During my first semester at Wesley College of Education, 2006, a call came from my mum one day after lectures. I was informed of the death of a relative whom I called an elder brother. He had lived with us for about ten years.
I was in the lower primary school when he moved him to stay with us and he moved out when I was about to complete basic school. At the time I completed senior high school, he had built a house with 4 rooms at a suburb of Obuasi close to where my family lives. I stayed with him in his rented room before I completed junior high school and after senior high school, I moved to live with him in his new house.
Hard Times Beckoning
He had managed to put up his house through the activities of ‘gather and sell’ (galamsey), an illegal mining activity very rampant in the gold mining city at the time. When I finally left his house, his wife divorced him, taking along some of the documents of his land and house. I remember receiving a call one Saturday morning from him asking me to come over to his house. He showed me the remainder of the documents. I looked through them and assured him there was nothing to be afraid of.
Hard Times and Suicide
He felt very sick afterwards and grew very lean coupled with problems at work. After some few months, he started regaining his strength and looked energetic again. He was naturally tall and well built. We nicknamed him Jackie Chan.
I remember a chat we had one day. One of our tribesmen attempted committing suicide but was rescued on time when he started screaming after the rope he tied around his neck started choking him.
“He should have been beaten before been sent to the police station”, he said.
‘’What happened to him?’’, I asked my mum.
“He hanged himself in his room ’’, she replied.
I couldn’t speak on the phone for about 30 seconds. I hanged up.
Suicide? No, that’s not my ‘jackie chan’. He can’t do that.
What could possibly be worrying him?
He has his own house and he was able to survive his divorce.
He was able to survive that sickness.
What did he need that he couldn’t get?
These and many more questions kept racing through my mind.
After over a decade, I am yet to get an answer to any of my questions and I doubt I will get one.
Many people in better conditions than my brother have also committed suicide. A lawyer committed suicide in his office and another man jump from a storey building to his death. Have you ever at one point in your life felt that the earth opened and swallowed you up? The feeling isn’t different from the ones felt by those who had committed suicide. Anything, no matter how irrelevant you might think it is, can cause someone to commit suicide.
Have you ever taken a big loan from a financial institution for a project and the project is incurring more debt rather than producing profit and the lenders are also on your neck? How did you feel?
Have you ever shared someone’s secret with another you trust and that person turns around and informs the person who told you the secret?
How did you feel?
Meeting the right people
The difference between those who killed themselves in similar situations and you, is the people you spoke to coupled with how you think you are needed in this world. All the people who have committed suicide could have been alive now if they had trusted one good person and felt they were loved irrespective of the conditions they found themselves.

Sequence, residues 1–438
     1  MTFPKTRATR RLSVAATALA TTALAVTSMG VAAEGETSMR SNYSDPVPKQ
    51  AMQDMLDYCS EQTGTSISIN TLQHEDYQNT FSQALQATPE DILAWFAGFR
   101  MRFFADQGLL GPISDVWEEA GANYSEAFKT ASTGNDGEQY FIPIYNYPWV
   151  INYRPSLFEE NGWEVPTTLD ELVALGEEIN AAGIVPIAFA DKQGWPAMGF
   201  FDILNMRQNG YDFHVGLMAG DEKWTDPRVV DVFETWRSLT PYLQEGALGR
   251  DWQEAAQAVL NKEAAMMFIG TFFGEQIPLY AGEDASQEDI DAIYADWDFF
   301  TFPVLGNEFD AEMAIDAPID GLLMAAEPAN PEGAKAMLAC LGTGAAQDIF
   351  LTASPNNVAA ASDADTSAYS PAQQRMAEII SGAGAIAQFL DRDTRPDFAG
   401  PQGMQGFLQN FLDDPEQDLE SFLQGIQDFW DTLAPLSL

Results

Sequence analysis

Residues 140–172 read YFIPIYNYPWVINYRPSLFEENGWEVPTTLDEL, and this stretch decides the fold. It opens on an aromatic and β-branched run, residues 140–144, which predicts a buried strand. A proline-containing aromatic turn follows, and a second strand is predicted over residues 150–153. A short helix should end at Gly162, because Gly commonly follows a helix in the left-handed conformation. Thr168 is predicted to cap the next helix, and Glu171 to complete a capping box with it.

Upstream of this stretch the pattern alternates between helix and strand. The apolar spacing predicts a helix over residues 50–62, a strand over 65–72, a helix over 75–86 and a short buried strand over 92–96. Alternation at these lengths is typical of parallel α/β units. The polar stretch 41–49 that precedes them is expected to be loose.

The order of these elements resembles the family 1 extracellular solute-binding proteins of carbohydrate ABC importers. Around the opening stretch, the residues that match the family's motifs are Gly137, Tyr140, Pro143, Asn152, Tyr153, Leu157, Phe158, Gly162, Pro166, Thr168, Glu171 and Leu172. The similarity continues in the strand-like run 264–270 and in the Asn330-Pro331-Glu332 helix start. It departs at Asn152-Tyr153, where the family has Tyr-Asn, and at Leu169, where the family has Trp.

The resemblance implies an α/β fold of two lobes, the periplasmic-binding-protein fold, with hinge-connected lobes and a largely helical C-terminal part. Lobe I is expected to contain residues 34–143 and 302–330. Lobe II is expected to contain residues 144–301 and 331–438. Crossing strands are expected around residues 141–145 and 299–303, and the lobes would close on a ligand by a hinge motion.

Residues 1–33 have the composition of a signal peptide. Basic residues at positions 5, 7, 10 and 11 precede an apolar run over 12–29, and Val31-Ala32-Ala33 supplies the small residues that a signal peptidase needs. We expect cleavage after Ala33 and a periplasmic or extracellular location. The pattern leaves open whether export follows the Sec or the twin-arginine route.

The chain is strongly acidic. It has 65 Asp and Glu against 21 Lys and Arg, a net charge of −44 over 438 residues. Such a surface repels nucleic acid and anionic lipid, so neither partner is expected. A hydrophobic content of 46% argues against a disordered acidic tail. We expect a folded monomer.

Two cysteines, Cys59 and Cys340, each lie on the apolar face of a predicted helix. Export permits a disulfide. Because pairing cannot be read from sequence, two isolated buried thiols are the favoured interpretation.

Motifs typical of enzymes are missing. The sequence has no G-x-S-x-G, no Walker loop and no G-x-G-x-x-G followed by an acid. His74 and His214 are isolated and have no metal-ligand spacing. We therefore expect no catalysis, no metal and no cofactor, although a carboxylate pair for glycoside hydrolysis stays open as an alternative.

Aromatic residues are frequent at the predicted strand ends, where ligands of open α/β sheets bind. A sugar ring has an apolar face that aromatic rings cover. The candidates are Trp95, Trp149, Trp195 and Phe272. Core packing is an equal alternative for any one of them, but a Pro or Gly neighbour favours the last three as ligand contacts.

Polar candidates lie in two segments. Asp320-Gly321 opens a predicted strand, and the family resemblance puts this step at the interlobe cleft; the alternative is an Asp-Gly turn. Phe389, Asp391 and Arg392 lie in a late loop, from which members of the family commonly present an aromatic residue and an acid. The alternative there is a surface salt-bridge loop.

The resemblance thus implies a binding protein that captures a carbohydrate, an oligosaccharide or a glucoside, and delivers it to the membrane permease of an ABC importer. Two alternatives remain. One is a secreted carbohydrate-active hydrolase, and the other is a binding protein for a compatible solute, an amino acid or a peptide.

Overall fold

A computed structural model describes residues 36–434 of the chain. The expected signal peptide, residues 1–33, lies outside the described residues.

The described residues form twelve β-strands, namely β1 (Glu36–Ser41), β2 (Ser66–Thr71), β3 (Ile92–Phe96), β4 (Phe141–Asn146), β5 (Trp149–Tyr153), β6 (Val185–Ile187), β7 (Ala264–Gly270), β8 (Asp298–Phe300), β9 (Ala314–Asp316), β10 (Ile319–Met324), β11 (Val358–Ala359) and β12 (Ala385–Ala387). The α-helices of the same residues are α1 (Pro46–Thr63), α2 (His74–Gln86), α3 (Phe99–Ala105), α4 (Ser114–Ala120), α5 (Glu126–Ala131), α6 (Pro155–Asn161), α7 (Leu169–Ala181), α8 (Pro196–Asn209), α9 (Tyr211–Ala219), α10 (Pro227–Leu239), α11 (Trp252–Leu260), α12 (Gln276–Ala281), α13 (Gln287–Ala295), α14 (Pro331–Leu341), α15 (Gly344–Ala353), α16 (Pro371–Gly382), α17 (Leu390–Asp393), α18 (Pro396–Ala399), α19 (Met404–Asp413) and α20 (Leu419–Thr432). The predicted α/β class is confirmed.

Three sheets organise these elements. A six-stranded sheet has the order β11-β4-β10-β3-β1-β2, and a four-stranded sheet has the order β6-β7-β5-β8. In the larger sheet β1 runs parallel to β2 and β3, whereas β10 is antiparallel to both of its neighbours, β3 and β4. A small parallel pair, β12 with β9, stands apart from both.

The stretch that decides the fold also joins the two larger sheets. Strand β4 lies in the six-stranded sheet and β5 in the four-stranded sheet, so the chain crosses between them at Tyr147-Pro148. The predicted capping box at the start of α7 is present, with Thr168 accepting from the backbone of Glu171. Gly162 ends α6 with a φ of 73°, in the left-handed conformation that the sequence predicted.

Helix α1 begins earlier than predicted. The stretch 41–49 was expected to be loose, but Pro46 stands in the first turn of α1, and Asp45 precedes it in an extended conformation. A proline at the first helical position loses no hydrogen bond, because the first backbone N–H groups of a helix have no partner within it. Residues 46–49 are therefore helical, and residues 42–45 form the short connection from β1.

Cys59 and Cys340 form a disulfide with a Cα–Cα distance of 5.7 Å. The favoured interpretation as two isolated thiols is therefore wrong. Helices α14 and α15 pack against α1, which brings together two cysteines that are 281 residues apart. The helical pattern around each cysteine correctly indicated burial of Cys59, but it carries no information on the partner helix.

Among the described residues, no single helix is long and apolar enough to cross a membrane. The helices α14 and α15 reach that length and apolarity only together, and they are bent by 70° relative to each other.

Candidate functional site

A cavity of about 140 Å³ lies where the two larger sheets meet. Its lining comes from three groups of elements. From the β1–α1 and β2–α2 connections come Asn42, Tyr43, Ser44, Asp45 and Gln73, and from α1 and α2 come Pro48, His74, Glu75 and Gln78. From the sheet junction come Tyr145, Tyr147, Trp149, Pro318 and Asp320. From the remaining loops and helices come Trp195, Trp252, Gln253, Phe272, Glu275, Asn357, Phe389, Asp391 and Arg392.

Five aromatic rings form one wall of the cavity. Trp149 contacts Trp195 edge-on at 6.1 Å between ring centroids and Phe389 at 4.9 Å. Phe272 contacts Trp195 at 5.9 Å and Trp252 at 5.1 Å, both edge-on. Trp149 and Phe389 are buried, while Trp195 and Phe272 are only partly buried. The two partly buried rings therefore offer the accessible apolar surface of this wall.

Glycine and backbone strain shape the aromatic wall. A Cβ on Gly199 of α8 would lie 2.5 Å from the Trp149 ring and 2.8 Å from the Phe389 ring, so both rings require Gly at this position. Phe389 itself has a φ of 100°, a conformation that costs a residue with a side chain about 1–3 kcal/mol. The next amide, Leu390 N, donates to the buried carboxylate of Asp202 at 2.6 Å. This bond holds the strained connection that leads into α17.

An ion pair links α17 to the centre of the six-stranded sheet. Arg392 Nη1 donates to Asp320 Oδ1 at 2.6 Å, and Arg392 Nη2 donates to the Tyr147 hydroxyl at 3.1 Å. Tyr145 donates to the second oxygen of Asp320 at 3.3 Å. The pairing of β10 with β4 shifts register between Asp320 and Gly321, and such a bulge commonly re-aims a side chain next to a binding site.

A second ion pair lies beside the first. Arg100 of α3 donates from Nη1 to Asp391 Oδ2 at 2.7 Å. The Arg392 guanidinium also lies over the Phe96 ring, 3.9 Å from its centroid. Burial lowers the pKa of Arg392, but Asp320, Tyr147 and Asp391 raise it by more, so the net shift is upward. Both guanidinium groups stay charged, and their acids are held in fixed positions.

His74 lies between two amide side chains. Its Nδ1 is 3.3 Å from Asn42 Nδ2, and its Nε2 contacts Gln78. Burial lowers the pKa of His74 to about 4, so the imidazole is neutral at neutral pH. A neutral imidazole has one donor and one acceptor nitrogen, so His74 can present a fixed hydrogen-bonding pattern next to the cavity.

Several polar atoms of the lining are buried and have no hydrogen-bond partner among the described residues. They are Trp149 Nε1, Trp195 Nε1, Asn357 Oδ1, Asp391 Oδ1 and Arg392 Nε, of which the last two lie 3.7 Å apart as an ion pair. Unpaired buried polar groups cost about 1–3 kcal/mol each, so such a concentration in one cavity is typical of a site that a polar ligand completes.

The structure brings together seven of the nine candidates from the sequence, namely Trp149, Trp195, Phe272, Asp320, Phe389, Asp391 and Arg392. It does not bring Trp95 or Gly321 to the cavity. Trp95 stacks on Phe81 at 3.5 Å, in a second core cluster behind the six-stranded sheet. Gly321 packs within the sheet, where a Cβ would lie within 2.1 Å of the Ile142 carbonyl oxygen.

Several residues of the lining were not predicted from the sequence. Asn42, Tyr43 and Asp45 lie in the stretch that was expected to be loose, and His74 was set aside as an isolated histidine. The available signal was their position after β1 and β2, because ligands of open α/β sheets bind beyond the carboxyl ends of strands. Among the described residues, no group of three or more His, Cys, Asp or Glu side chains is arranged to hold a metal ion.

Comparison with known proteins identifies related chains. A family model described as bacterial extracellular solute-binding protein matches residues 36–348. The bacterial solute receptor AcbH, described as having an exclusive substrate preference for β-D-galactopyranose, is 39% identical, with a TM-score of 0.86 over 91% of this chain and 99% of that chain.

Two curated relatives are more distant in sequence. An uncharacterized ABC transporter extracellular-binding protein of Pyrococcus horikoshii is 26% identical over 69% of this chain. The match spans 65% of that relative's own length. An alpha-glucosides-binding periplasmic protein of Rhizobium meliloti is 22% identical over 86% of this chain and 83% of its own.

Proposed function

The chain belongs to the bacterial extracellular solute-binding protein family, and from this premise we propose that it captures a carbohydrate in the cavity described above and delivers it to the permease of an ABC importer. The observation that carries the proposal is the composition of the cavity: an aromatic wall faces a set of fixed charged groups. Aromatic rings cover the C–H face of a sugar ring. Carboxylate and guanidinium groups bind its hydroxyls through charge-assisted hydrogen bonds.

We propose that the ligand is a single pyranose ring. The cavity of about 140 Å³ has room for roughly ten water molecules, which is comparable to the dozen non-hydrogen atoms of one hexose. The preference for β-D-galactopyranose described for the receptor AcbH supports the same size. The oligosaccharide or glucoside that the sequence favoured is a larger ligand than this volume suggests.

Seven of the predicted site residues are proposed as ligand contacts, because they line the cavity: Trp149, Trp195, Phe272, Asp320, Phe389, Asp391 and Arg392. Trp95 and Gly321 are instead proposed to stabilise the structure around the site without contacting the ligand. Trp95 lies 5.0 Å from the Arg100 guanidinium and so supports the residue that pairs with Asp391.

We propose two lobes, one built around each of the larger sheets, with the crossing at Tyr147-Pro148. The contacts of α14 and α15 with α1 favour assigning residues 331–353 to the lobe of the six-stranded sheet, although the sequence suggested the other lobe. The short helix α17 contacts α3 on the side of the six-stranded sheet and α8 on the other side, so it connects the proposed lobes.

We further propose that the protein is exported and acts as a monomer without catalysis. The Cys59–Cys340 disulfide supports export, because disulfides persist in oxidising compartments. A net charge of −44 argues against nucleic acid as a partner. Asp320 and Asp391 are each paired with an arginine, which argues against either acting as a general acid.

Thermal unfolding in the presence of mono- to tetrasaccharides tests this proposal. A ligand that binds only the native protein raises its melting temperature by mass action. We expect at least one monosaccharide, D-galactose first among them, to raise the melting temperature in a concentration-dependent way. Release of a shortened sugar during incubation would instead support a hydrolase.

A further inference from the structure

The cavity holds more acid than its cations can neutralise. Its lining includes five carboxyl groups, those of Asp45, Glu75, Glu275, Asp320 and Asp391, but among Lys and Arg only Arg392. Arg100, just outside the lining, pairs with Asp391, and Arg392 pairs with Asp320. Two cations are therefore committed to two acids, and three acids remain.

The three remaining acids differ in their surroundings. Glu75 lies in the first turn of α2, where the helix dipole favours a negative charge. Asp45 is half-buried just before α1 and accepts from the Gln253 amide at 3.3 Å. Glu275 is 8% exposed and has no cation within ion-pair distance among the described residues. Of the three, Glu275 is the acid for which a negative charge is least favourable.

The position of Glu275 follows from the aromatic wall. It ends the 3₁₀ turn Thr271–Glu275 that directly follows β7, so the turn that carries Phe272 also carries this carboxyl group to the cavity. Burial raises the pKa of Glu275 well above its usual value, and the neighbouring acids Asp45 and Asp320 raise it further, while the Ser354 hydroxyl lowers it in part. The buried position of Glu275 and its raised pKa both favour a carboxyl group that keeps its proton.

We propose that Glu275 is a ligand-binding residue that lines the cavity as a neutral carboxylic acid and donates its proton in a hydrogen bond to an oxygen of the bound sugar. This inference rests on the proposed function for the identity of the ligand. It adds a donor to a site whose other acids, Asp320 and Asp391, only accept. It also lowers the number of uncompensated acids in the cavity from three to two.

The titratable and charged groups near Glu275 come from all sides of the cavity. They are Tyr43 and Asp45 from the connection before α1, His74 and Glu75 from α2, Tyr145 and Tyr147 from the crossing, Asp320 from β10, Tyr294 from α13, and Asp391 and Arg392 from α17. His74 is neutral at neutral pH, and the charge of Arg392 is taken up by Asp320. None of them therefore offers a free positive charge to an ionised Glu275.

Sometimes, I asked myself what I could have done to prevent my brother from committing suicide. Was there something he was keeping inside him waiting for someone to show him he cares before he opens up? Each and every one of us has a duty of helping to solve the suicide menace in our country.
Where is the Love?
Some doctors and nurses talk the way they like to patients. Some teachers shout and beat students at the least provocation. Same story goes for some lenders who run after borrowers into any hole they enter ready to do anything to get their monies back. Banks have fewer chairs for the many customers they are attending to, leaving many standing for hours to deposit or withdraw money. There is no love in the country. No provisions for disabled persons. Politicians are looting the country leaving the poor to grow poorer.
Lady Prempeh once released a song titled ODO NO WO HE (Where is the love?), and I am asking the same question again, WHERE IS THE LOVE?
Some pastors don’t care whether you have money or not, they will try to convince you till you give out all you have. You can’t send a case to the police station and win it at the court if you can’t pay well. Someone should tell me where the love we preach about has gone. God and posterity won’t forgive us if another soul is lost due to our negligence to show love.
The solution to suicide is in our hands. Be good to everybody you meet whether you know them or not, who knows, you might be saving a soul from committing suicide. Let’s not wait for the suicide notes. They are memories of our failure to do the right thing. We can make things right, now.
The Real Problem
It is not the poison, the height or the rope that kills, it is the pain we can’t let go of, the shame we can’t live with and the feeling of hopelessness and loneliness. If you have life, you can always start over again. Say NO to suicide! Start showing Love! We don’t want any more suicide notes. We need you! No more suicide notes